If it was a problem between God and a man, then we would expect the unrepentant man eventually to experience the full, and just, wages of his sin. But we are all sinful and God is not. So how should we sinners behave in such circumstances?

Forgive the debt

Jesus taught us to pray, “Forgive us our debts, as we forgive our debtors” (Matthew 6:12). This is made even clearer in Luke 11:4: “And forgive us our sins; for we also forgive every one that is indebted to us.” “Indebted” suggests that those who have sinned against us and have not repented owe us an act of goodwill for that sin. Proverbs 3:27 warns, “Withhold not good from them to whom it is due, when it is in the power of thine hand to do it”. Jesus says the same:

“If thou bring thy gift to the altar, and there rememberest that thy brother hath ought against thee; leave there thy gift before the altar, and go thy way; first be reconciled to thy brother, and then come and offer thy gift.” (Matthew 5:23,24)

In other words, we must pay our debts of reconciliation, before our life (which is our sacrifice or gift) will be acceptable to God. If we deliberately withhold the act of reconciliation, then we deny peace to the other party. Christ teaches that even when we are being treated unjustly, and there is no repentance or apology, we must still find a way to forgive. The Apostle Peter wrote in 1 Peter 2: “For this is thankworthy, if a man for conscience toward God endure grief, suffering wrongfully. For what glory is it, if, when ye be buffeted for your faults, ye shall take it patiently? But if, when ye do well, and suffer for it, ye take it patiently, this is acceptable with God” (verses 19,20). We are exhorted to suffer wrong, and patiently forgive out of faith in God.

Jesus exhorted us to love our enemies, bless those who curse us, do good to those who hate us, and pray for those who despitefully use us. He also added this teaching: “Forgive, and ye shall be forgiven.” If we are truly God’s children, we have no alternative – we must forgive. We must trust in the Lord, even when confronted by one who is difficult and stubborn.

The Apostle Paul wrote, “Avenge not yourselves, but rather give place unto wrath: for it is written, Vengeance is mine; I will repay, saith the Lord. Therefore if thine enemy hunger, feed him; if he thirst, give him drink: for in so doing thou shalt heap coals of fire on his head. Be not overcome of evil, but overcome evil with good” (Romans 12:19-21). This is true forgiveness, by not treating a person according to the evil he has done.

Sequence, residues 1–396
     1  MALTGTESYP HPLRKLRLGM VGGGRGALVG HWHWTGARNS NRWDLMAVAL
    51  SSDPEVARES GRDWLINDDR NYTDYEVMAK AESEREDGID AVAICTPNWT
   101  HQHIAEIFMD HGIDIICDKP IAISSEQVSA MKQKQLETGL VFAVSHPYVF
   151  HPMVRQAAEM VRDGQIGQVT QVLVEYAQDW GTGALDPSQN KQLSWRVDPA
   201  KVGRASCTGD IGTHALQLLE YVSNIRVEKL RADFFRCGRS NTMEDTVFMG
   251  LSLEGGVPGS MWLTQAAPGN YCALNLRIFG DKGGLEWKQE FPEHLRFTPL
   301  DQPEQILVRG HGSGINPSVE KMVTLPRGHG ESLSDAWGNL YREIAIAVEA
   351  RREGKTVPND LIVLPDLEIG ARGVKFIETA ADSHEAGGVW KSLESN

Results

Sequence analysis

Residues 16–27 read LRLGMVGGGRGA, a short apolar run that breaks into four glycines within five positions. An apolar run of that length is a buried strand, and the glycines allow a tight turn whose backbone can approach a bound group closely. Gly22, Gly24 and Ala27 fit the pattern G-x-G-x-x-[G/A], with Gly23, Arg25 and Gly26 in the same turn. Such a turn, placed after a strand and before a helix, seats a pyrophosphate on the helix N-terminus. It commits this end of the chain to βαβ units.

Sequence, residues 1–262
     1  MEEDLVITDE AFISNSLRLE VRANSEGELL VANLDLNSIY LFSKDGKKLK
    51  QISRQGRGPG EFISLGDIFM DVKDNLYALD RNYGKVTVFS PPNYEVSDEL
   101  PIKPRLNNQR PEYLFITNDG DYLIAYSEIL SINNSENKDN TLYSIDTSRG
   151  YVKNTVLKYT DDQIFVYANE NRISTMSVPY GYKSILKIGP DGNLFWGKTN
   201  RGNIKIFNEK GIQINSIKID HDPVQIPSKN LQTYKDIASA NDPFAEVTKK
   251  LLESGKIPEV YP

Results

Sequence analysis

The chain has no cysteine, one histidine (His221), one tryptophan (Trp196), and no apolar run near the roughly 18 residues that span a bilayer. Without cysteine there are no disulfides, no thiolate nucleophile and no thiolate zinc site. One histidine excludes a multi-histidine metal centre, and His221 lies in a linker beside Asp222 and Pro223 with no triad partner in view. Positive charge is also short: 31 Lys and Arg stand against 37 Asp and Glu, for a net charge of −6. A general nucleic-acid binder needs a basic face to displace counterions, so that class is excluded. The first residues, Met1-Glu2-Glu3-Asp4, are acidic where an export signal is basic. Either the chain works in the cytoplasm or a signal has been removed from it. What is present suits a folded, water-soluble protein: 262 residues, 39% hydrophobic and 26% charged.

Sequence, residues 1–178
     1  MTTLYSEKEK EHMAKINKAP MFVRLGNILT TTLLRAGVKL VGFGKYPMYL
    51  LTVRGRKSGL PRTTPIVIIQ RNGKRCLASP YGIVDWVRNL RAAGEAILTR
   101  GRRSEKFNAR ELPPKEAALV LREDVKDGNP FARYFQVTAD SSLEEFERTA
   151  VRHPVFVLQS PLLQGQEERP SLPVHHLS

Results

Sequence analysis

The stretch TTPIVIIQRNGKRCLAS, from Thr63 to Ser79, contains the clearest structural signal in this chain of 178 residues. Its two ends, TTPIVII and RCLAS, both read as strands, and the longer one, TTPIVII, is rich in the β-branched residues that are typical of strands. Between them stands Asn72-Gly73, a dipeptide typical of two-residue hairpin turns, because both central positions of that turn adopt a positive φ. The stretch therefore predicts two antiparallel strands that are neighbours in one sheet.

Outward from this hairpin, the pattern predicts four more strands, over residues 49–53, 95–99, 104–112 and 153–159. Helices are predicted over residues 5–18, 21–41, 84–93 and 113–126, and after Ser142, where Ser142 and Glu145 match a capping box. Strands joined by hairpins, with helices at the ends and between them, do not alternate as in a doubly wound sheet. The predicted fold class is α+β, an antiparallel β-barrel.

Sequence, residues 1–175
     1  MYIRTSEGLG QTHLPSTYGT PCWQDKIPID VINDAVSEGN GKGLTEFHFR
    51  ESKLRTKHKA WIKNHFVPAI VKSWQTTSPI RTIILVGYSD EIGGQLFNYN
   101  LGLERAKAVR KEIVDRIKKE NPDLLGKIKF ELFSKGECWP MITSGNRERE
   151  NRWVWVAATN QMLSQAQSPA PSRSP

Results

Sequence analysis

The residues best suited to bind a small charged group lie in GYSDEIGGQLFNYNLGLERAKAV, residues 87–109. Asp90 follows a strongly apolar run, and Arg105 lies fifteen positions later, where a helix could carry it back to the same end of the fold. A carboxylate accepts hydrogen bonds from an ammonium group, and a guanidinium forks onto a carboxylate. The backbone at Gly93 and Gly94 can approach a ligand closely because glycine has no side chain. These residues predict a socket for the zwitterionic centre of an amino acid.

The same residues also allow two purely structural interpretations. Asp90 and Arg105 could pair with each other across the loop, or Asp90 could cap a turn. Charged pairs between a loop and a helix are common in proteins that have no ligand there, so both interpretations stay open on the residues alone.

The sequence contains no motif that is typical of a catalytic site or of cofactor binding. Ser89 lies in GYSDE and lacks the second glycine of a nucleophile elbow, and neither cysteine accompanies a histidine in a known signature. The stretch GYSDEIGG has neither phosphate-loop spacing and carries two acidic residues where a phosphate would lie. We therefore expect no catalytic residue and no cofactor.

David’s example

David is a prime example. When Saul was searching throughout Israel to find David and kill him, David’s words are remarkable: “The LORD judge between me and thee … mine hand shall not be upon thee” (1 Samuel 24:12). Saul rightly acknowledged, “Thou art more righteous than I: for thou hast rewarded me good, whereas I have rewarded thee evil” (verse 17).

David overcame evil with good. He forgave even without apology or repentance from Saul. Similarly, we must rely on the Lord to give us peace. We must rely on Him to judge, to rebuke, to pardon and to excuse, according to His righteousness, and His mercy. Only He knows all things; we do not. And He will by no means clear the truly guilty.

Jesus said in Matthew 5:22, “Whosoever is angry with his brother without a cause shall be in danger of the judgment“. It may be “without cause”, that we who can only look on the outward appearance, believe that someone has done wrong, and we are offended. Perhaps we should question more closely our own judgements when we take offence at the words or actions of others. We must show faith in God, by following His example. Our forgiveness should not be dependent on the repentance of the offender.

Stephen put this principle into action when he forgave and relied on the Lord even as he was being killed: “He kneeled down, and cried with a loud voice, Lord, lay not this sin to their charge” (Acts 7:60). There can be no doubt that Stephen patterned his behaviour on what he learned from the Lord Jesus when he suffered at the cruel hands of his executioners, calling out, “Father, forgive them; for they know not what they do” (Luke 23:34).

This is the attitude of mind we remember whenever we take bread and wine, the symbols of the Lord’s obedient sacrifice.

Glenn Blair-Ford